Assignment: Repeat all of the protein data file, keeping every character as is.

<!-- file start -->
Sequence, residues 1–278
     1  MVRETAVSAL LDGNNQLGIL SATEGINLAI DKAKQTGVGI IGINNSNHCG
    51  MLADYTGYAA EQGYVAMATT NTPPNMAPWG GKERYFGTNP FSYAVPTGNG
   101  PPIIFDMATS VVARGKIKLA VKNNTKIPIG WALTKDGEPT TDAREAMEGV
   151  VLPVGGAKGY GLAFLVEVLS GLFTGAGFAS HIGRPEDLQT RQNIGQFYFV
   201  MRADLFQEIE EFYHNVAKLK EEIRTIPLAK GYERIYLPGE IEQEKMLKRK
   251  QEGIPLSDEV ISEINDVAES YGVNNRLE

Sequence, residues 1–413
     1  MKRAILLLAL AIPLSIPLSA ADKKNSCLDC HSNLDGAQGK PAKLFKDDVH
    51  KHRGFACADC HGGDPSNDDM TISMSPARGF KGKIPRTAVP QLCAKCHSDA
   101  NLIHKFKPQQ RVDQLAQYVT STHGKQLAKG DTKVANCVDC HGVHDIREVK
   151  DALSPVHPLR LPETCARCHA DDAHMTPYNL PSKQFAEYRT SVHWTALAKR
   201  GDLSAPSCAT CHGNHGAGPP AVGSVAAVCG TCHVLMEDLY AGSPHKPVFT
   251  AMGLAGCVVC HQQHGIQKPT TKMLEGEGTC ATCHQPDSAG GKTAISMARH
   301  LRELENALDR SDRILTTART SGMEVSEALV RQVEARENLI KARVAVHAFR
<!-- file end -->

Sequence, residues 1–278
     1  MVRETAVSAL LDGNNQLGIL SATEGINLAI DKAKQTGVGI IGINNSNHCG
    51  MLADYTGYAA EQGYVAMATT NTPPNMAPWG GKERYFGTNP FSYAVPTGNG
   101  PPIIFDMATS VVARGKIKLA VKNNTKIPIG WALTKDGEPT TDAREAMEGV
   151  VLPVGGAKGY GLAFLVEVLS GLFTGAGFAS HIGRPEDLQT RQNIGQFYFV
   201  MRADLFQEIE EFYHNVAKLK EEIRTIPLAK GYERIYLPGE IEQEKMLKRK
   251  QEGIPLSDEV ISEINDVAES YGVNNRLE

Sequence, residues 1–413
     1  MKRAILLLAL AIPLSIPLSA ADKKNSCLDC HSNLDGAQGK PAKLFKDDVH
    51  KHRGFACADC HGGDPSNDDM TISMSPARGF KGKIPRTAVP QLCAKCHSDA
   101  NLIHKFKPQQ RVDQLAQYVT STHGKQLAKG DTKVANCVDC HGVHDIREVK
   151  DALSPVHPLR LPETCARCHA DDAHMTPYNL PSKQFAEYRT SVHWTALAKR
   201  GDLSAPSCAT CHGNHGAGPP AVGSVAAVCG TCHVLMEDLY AGSPHKPVFT
   251  AMGLAGCVVC HQQHGIQKPT TKMLEGEGTC ATCHQPDSAG GKTAISMARH
   301  LRELENALDR SDRILTTART SGMEVSEALV RQVEARENLI KARVAVHAFR